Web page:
Tuesday, 26 November 2013

Chronic Low back pain – The Diagnosis and Complications

 Low back pain is a Musculoskeletal disorders (MSDs, affecting over 80% of the population in US alone some points in their life. Chronic LBP (pain has persisted for longer than 3 months(1) prevalence in older adults was significantly higher than the 21-to-44-year age group (12.3% vs. 6.5%, p < .001). Older adults were more disabled, had longer symptom duration, and were less depressed(2)..Many older adults remain quite functional despite CLBP, and because age-related comorbidities often exist independently of pain (e.g., medical illnesses, sleep disturbance, mobility difficulty), the unique impact of CLBP is unknown. We conducted this research to identify the multidimensional factors that distinguish independent community dwelling older adults with CLBP from those that are pain-free(3).
III. Diagnosis
1. Health and family history and physical exam
If you are experience low back pain, a decrease in sensation, and weakness of the extremities, the diagnosis may include a complete family history including the prior and current illnesses and injuries and a physical exam include pressure on (palpate) the spine, which may cause tenderness over the affected area. The pain may radiate along the course of a rib to the anterior chest or abdomen. Gait and posture can be affected by disc herniation that causes spinal cord compression and are usually evaluated during the physical exam(24).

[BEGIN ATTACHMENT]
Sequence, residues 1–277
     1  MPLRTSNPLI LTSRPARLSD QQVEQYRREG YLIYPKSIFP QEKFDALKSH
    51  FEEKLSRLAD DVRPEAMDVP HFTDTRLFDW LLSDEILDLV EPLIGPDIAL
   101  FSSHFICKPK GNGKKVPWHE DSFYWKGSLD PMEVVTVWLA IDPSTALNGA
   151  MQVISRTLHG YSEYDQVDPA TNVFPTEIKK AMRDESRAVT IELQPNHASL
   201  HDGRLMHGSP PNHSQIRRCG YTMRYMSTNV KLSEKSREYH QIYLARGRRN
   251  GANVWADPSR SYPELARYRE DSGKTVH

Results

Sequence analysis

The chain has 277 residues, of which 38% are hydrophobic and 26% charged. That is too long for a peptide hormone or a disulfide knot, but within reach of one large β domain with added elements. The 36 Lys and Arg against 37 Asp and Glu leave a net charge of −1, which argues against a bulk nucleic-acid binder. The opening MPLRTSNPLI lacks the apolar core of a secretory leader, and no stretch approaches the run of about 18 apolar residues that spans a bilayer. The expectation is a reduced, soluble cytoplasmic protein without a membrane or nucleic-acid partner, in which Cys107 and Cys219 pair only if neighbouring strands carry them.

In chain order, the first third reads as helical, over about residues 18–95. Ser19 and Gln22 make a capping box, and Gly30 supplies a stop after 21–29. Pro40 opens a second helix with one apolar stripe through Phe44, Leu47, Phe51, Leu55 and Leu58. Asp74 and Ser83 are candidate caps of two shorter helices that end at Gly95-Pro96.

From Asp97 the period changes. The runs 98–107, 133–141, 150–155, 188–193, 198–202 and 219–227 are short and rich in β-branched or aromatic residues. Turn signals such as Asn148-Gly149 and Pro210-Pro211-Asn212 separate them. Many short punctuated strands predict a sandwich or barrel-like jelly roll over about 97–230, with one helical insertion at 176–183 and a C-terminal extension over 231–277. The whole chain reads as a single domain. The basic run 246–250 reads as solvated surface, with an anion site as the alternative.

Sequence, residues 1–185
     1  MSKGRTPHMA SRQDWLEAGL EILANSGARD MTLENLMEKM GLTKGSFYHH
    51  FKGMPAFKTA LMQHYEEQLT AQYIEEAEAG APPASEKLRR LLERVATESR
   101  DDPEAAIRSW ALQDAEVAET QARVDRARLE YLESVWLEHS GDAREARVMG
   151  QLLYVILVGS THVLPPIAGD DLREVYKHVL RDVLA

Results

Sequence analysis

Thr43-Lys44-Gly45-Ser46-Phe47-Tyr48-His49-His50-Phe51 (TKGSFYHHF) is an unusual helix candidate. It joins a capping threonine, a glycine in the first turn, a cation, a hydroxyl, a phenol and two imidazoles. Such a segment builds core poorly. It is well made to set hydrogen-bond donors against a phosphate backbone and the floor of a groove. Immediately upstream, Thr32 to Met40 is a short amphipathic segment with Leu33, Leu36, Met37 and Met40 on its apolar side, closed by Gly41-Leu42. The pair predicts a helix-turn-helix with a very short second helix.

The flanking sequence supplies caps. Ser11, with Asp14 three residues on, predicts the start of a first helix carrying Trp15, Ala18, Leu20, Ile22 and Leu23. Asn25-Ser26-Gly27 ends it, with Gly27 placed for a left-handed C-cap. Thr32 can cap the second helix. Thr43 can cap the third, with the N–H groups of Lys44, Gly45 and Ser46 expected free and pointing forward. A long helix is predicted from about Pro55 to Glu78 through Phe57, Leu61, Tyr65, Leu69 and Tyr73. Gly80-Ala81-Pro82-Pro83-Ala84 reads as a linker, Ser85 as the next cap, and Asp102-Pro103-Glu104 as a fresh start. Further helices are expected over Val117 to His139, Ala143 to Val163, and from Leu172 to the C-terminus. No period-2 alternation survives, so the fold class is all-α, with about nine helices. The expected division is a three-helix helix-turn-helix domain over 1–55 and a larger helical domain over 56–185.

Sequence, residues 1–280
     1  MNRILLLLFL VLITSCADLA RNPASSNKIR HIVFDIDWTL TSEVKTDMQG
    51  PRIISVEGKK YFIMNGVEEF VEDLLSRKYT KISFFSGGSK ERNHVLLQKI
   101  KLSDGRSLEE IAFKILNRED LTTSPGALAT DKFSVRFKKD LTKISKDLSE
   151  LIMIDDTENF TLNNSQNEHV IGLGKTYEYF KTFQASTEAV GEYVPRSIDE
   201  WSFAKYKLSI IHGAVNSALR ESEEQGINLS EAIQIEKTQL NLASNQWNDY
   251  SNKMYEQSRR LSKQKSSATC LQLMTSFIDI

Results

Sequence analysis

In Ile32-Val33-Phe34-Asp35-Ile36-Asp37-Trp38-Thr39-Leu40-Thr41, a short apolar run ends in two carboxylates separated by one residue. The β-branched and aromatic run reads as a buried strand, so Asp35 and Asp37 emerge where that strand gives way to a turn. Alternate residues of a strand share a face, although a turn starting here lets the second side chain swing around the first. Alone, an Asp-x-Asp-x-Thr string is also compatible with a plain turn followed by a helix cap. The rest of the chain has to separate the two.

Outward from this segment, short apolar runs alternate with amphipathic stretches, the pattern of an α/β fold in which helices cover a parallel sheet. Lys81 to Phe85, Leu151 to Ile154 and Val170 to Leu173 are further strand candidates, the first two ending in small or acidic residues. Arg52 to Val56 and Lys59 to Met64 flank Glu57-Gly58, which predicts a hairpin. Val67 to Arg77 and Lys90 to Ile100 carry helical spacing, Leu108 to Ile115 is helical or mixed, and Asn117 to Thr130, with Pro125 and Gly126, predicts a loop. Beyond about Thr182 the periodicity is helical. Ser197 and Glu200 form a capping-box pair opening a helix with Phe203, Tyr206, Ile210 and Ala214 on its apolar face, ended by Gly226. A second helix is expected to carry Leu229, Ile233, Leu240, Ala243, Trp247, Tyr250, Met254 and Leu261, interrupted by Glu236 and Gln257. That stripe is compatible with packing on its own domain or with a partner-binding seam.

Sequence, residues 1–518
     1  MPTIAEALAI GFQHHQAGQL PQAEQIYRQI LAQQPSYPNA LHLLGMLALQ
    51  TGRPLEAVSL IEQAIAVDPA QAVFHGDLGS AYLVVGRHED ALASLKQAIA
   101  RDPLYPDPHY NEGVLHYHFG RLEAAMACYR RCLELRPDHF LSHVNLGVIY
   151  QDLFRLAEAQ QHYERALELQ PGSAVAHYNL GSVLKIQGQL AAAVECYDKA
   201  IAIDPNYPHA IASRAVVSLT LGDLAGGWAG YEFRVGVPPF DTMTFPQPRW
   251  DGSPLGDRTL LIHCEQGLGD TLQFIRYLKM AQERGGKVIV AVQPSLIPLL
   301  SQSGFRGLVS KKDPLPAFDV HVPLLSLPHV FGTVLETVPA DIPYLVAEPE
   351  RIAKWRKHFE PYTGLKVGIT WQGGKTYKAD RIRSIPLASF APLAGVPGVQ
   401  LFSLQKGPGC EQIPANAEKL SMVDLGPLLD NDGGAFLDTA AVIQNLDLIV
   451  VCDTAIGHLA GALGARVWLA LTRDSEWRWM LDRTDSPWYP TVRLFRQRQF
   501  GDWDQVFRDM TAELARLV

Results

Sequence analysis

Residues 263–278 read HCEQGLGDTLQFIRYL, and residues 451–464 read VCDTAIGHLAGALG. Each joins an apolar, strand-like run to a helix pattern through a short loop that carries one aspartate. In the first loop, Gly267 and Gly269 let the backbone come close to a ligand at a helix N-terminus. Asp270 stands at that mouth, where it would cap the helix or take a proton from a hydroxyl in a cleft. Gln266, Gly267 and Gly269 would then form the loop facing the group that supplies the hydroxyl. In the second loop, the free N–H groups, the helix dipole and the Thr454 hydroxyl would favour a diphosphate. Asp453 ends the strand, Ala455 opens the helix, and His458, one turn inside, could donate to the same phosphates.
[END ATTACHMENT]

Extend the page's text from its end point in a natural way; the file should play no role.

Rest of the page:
2. Other tests may include 
a. X ray
b. CT scan
c. MRI
d. Radiography of the spine
e. Etc.
But other suggested that immediate, routine lumbar spine imaging in patients with LBP and without features indicating a serious underlying condition(Red flags*) did not improve outcomes compared with usual clinical care without immediate imaging. Clinical care without immediate imaging seems to result in no increased odds of failure in identifying serious underlying conditions in patients without risk factors for these conditions. In addition to lacking clinical benefit, routine lumbar imaging is associated with radiation exposure (radiography and CT) and increased direct expenses for patients and may lead to unnecessary procedures. This evidence confirms that clinicians should refrain from routine, immediate lumbar imaging in primary care patients with nonspecific, acute or subacute LBP and no indications of underlying serious conditions(25)(26). Lumbar imaging for low-back pain without indications of serious underlying conditions does not improve clinical outcomes. Therefore, clinicians should refrain from routine, immediate lumbar imaging in patients with acute or subacute low-back pain and without features suggesting a serious underlying condition(27).
IV. Complications
1. Mental health
found that adults aged 65 years and above with chronic impairing LBP had higher mental health scores, reported significantly less depression, and used less antidepression medication relative to the younger age groups, according to the study of a crosssectional, telephone survey of 5,357 households was conducted to identify 732 adults with chronic, impairing LBP(28).